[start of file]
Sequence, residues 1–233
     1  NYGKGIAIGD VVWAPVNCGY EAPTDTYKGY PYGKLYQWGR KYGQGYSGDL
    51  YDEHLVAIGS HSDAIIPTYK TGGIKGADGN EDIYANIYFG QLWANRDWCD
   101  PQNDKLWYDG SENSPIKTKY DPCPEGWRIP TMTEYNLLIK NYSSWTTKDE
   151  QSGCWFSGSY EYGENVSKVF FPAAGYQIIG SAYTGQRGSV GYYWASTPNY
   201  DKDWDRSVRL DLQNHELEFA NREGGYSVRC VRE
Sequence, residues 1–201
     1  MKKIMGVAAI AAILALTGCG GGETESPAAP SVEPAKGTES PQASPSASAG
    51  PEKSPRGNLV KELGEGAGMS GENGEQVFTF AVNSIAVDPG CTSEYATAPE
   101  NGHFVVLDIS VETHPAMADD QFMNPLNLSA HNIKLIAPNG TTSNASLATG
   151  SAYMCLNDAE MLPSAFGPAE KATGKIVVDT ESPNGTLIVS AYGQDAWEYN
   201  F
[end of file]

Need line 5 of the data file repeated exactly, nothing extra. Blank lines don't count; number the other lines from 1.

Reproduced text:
   151  QSGCWFSGSY EYGENVSKVF FPAAGYQIIG SAYTGQRGSV GYYWASTPNY